Further improvements in the cost-effectiveness of wind turbines drives designers towards larger, lighter, more flexiblestructures in which more ‘intelligent’ control systems play an important part in actively reducing the applied structural loads, avoiding the need for wind turbines to simply withstand the full force of the applied loads through the use of stronger, heavier and therefore more expensive structures. Controller research within the UPWIND project has been aimed at further developing such control strategies and ensuring that new, often larger and innovative turbines can be designed to use these techniques from the start. For this to be possible, it is important to build up full confidence in the effectiveness and the reliability of these strategies in all situations.
To this end, the work reported in this paper covers several different aspects:
- full-scale field testing to build confidence in the effectiveness of advanced control strategies;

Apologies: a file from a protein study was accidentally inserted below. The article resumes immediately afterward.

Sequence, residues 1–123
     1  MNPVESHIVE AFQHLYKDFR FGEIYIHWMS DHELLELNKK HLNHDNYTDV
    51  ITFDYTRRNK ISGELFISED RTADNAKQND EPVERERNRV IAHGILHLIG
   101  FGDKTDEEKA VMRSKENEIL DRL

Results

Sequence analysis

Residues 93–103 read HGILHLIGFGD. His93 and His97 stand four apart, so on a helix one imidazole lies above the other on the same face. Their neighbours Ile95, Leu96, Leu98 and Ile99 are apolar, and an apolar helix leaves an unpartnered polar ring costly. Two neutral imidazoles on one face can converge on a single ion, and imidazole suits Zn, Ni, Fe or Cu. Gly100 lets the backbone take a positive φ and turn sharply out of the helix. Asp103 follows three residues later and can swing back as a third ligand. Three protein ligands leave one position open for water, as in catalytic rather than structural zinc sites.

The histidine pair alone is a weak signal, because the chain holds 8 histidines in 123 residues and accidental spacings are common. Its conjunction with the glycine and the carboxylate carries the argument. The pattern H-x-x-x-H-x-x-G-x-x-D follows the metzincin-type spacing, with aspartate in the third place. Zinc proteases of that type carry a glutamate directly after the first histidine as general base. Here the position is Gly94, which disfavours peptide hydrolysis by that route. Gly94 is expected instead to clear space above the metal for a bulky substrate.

- further development of advanced control strategies to prevent unwelcome side effects in any of the load cases that have to be considered during the design;
- the possibility of blades employing dual-pitch control;
- development of load estimation techniques that can reduce reliance on additional sensors that would otherwise be required;
- investigating the potential of light detection and ranging assisted feed-forward pitch control to mitigate extreme and fatigue loads;
- using system identification methods to improve controller tuning.
The detailed results of the work presented in this paper are available in the published reports of the Control Systems work package of the UPWIND project. These reports also cover other results of the work package, which are not reported here, such as control during network faults such as voltage dips, voltage control at the point of connection to the network and gradual cut-out of wind turbines to improve output predictability in high winds. A summary report is also available. Copyright © 2011 John Wiley & Sons, Ltd.